Achieving The Elusive “10x Factor” In Payments Innovation

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Originally published May 6, 2014 in TSYS n>genuity Journal   With startups galore, how will new innovations gain traction? And who is leading them? With 73 mobile payment startups in the first three months of 2014, it’s obvious that mobile payments are a hot topic.  But, the problem with mobile payments is a perennial one: […]

Originally published May 6, 2014 in TSYS n>genuity Journal


With startups galore, how will new innovations gain traction? And who is leading them?

With 73 mobile payment startups in the first three months of 2014, it’s obvious that mobile payments are a hot topic.  But, the problem with mobile payments is a perennial one: new payment types hardly ever succeed.  History is littered with failed payment approaches including Pay by Touch, Mondex, and contactless cards.  And the jury is still out on today’s mobile wallets including ISIS (mobile wallet founded by three large U.S. telephone companies), Google Wallet and Merchant Customer Exchange (MCX, a wallet founded by a group of large US merchants).  The fact is, the well-established legacy payment infrastructure that we enjoy in North America is hard to beat. 

Displacing cards is a tough proposition
It’s very hard to improve the speed and convenience of swiping a payment card.  Ironically, mobile technology has even served to prolong the life of 300-year old paper checks by making checks easier to deposit using cell phone cameras.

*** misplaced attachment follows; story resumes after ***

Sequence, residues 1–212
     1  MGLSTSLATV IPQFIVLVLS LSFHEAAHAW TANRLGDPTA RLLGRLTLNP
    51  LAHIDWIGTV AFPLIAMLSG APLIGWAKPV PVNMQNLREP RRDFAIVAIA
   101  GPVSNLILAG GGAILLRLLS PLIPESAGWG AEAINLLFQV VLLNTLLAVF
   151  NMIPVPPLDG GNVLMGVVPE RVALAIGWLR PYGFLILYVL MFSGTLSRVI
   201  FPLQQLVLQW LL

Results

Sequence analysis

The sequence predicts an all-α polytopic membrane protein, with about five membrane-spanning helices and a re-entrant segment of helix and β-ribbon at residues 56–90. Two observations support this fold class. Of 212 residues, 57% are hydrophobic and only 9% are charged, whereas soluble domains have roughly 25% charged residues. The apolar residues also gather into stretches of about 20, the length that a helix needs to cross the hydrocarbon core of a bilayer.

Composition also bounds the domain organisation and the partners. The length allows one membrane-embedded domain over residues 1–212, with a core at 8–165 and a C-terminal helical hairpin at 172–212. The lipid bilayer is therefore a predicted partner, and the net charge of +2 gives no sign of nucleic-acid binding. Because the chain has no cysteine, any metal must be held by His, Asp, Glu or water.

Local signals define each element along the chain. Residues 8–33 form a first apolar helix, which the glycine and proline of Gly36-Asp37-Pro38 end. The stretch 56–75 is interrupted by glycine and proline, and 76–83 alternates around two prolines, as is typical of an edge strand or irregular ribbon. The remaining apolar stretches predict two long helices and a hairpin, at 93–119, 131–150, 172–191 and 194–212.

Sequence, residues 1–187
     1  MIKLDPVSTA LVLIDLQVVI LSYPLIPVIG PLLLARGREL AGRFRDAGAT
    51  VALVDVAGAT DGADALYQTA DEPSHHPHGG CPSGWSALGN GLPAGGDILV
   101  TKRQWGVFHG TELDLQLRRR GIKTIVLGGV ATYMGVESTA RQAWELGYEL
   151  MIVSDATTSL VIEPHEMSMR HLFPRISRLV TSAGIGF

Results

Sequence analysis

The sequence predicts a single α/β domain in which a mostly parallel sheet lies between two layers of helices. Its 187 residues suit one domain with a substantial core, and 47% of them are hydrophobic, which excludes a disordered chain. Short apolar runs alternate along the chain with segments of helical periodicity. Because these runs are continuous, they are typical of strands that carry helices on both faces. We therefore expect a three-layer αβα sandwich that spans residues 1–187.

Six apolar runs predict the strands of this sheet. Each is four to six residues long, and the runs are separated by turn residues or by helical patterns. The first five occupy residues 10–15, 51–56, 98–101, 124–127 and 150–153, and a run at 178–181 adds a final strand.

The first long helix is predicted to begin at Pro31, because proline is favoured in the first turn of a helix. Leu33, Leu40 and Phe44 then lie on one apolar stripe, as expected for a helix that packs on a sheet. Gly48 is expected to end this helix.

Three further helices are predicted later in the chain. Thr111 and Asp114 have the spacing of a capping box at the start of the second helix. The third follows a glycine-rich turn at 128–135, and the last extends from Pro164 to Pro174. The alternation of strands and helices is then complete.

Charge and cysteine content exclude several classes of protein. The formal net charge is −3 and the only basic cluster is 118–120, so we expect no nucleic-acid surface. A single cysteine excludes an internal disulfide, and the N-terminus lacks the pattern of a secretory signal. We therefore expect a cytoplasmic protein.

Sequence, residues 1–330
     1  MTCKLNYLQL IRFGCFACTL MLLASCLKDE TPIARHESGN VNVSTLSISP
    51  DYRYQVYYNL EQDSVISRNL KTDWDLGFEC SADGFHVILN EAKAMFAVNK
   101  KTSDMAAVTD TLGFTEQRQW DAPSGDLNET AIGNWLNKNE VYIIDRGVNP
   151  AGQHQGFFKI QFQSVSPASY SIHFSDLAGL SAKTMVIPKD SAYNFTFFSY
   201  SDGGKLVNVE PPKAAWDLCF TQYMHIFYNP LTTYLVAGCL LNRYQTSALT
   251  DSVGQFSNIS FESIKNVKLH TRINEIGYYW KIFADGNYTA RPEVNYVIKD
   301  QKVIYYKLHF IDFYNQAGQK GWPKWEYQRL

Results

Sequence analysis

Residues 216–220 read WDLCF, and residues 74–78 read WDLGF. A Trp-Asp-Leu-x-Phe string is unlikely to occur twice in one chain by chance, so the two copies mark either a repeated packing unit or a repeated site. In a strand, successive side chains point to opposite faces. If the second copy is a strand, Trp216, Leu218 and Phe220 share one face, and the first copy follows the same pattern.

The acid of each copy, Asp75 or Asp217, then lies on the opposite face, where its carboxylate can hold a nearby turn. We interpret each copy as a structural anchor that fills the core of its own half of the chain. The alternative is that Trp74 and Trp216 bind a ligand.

According to Andy Grove, former Intel CEO, for a change to achieve mass adoption by consumers, it must be at least ten times better than consumers’ current experience—something he referred to as the “10X” factor.  How have payments innovators achieved the 10X factor?  Looking at some successful recent payment innovations reveals the common denominators for payments innovation success: the “Three E’s”:

  1. Easing checkout
  2. Eliminating friction
  3. Enabling marketplace

This trend is noted by the latest research.  For example, according to Capgemini’s World Payments Report 2013, origination players, those that enlist customers while they go about their daily life, are embedding propositions to trigger commercial transactions from anywhere. Achieving one or more of the Three E’s ensures that the payment approach meets an unmet consumer need, or improves experience enough to drive behavioral change. This helps ensure that people will want to use the service. Let’s look at some of the more successful payment innovations and see how they achieved the Three E’s.

  1. Easing checkout
  • Starbucks: more than 14 percent of all Starbucks transactions in the U.S. are now made with a mobile device.  Starbucks achieved this phenomenal level of adoption with an intuitive, easy-to-use mobile app that is faster than fumbling for cash and is coupled with Starbuck’s loyalty card.
  • Loop: Loop solves the “fat wallet” problem by allowing users to store every payment, loyalty and identity magnetic stripe card into a mobile app, then interacting with the any point of sale device in the world using patented Magnetic Secure Transmission technology to send out a burst of data that tricks POS terminals into thinking a card has been swiped. The fob passes along the same card data that swiping a standard card would, but users can now carry a single device to replace almost every card in their wallets.